Polycystic Ovarian Syndrome (PCOS) is one of the most misunderstood and, consequently, mistreated disease. Learn about symptoms and treatment.


A misunderstood disease

Polycystic Ovarian Syndrome (PCOS) is one of the most misunderstood and mistreated disease states in medicine.


PCOS- a subgroup disorder

PCOS is actually part of a much larger group of hormonal disorders in women that result in the overproduction of testosterone (the main male hormone).  Every woman produces some testosterone, but at much lower levels than men.  When a woman’s testosterone levels are higher than that of a normal woman (known as an androgen excesses) one commonly experiences one or more side effects that include: 

  • Oily skin
  • Acne
  • Hair growth on the face and abdomen (hirsutism)
  • Irregular and occasionally heavy menses
  • Infertility or sub-fertility, including early miscarriages

Polycystic Ovarian Syndrome (PCOS) is one of the most misunderstood and, consequently, mistreated disease. Learn about symptoms and treatment. Gerald V. Burke, MD Voorhees NJ

Overactive glands in Testosterone production

Women produce testosterone in the ovaries and the adrenal glands. If one or both of these glands becomes overactive in testosterone production, then the woman will experience the typical effects of testosterone listed above. 

The overproduction of androgens

In PCOS the source of the overproduction of testosterone is the ovaries. While there are several mechanisms that can cause the ovaries to overproduce testosterone, PCOS is one of the most common. PCOS occurs due to an imbalance in the pituitary hormones FSH (follicle stimulating hormone) and LH (leutinizing hormone).  These two pituitary hormones stimulate ovarian ovulatory activity and hormone production.


Different types of cells in the ovary

There are several different types of cells in the ovary. Some of the cells (theca cells and interstitial cells) produce testosterone when stimulated by LH or insulin. 


Other ovarian cells (granulosa cells), stimulated by FSH, absorb the testosterone that is produced and convert it to estrogen under the influence of the enzyme aromatase. This conversion of testosterone to estrogen in the ovary is a normal activity of the ovary and is how the ovary produces estrogen.


Levels of testosterone

High levels of testosterone in the ovary can occur if the LH or insulin levels are high.  These high levels overwhelm and shut down the aromatase enzyme.  This results in the blockage of testosterone conversion to estrogen and testosterone builds up in the ovary.  This excess testosterone is eventually released into the bloodstream.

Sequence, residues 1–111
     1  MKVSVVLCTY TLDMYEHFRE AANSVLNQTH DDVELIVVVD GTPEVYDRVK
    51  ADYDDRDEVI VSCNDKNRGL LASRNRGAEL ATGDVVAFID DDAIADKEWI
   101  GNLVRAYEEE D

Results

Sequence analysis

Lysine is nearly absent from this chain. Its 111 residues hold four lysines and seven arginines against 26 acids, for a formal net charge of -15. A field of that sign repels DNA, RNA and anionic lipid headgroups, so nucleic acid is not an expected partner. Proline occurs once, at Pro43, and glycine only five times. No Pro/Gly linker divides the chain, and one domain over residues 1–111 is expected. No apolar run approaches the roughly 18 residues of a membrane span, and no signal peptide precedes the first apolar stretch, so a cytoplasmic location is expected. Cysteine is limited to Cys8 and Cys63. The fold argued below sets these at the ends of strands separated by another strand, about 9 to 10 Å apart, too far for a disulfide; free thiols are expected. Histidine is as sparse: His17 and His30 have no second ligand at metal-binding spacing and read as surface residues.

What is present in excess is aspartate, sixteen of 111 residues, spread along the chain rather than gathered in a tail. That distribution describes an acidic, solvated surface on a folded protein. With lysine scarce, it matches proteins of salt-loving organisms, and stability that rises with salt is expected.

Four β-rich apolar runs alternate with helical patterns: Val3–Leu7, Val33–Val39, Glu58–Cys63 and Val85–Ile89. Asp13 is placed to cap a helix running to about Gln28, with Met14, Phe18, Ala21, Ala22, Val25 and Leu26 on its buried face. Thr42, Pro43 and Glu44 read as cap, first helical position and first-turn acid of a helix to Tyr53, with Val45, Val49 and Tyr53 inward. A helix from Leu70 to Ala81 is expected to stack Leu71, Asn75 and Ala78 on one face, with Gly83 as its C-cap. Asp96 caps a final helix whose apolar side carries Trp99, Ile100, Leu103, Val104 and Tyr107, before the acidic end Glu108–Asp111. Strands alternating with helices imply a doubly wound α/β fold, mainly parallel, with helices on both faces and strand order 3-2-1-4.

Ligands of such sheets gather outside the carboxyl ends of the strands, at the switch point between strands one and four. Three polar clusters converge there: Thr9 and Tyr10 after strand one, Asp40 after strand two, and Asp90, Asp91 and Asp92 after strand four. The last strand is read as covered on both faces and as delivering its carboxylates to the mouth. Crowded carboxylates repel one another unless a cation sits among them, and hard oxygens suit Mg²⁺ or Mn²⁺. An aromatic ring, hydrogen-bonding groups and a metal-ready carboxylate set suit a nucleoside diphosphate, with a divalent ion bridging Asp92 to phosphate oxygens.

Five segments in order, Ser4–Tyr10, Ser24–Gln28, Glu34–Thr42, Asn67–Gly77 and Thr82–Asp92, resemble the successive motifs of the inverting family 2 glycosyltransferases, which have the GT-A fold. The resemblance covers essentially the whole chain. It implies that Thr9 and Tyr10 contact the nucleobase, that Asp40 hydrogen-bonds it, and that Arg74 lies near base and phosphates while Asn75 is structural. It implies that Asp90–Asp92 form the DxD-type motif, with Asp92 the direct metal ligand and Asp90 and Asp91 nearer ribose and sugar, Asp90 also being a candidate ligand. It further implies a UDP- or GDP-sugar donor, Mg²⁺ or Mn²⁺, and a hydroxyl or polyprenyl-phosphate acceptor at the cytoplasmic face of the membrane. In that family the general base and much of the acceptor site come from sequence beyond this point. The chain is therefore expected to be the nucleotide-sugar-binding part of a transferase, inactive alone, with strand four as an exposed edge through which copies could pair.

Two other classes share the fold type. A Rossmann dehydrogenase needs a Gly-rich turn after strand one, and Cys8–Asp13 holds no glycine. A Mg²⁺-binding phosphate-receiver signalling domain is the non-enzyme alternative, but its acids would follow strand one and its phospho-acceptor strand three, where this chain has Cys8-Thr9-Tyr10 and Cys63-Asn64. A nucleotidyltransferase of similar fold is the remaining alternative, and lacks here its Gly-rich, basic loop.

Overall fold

In PCOS, high levels of testosterone in the bloodstream are converted to high levels of estrogen in the bloodstream. High blood levels of estrogen then cause the pituitary gland (a small gland at the base of the brain) to release of high levels of the hormone LH into the blood stream. High levels of LH in the blood stream then stimulates the ovary to produce more testosterone. This creates a “vicious cycle” that fosters continued high testosterone levels and results in all of the adverse effects of high testosterone blood levels previously described.


High levels of estrogen

High levels of estrogen at the pituitary gland also cause the FSH levels to be low.  This low FSH causes the ovary to be less effective in converting testosterone to estrogen. This combination of the high LH and low FSH also results in uneven stimulation to the ovaries and the loss of ovulation in the ovaries.


This ovulatory dysfunction of the ovaries also causes the developing eggs in the ovaries to stop their growth as 10-12 mm cysts.  The eggs in these cysts can’t ovulate. These  small cysts persist and build up in the ovary resulting in enlargement of the ovary.  This causes the classic  “polycystic” appearance of the ovary (and hence “polycystic ovarian disease”). 


When ovaries do not ovulate, irregular periods, prolonged and heavy periods and infertility occur.


Insulin, along with LH, has the ability to directly stimulate the ovaries to produce testosterone. High levels of insulin (insulin resistance) directly increase the production of ovarian testosterone resulting in the clinical picture described above. 


Adrenal glands

High blood levels of testosterone can also occur when testosterone is overproduced by the adrenal glands. These high levels of testosterone can cause the ovaries to over produce testosterone 

As you can see, while the clinical picture (acne, excess hair growth, irregular periods, difficulty conceiving) of these 2 conditions can look similar, the causes are frequently significantly different. The best treatment results are always achieved when the cause of the testosterone overproduction is identified and treated directly and correctly. 


PCOS and all conditions causing an elevation of blood testosterone levels are best treated by a Reproductive Endocrinologist/Gynecologist like Dr. Burke who specializes in the treatment of women’s hormonal imbalances and is best qualified to help you achieve your goals.



If you are struggling with PCOS, do not hesitate and call now to schedule an appointment to talk with Dr. Burke about your concerns.

Call us at 856-429-2212

Gerald V. Burke, Reproductive Endocrinologist, Infertility, Gynecology & Other Women's Health Issues. Voorhees, New Jersey

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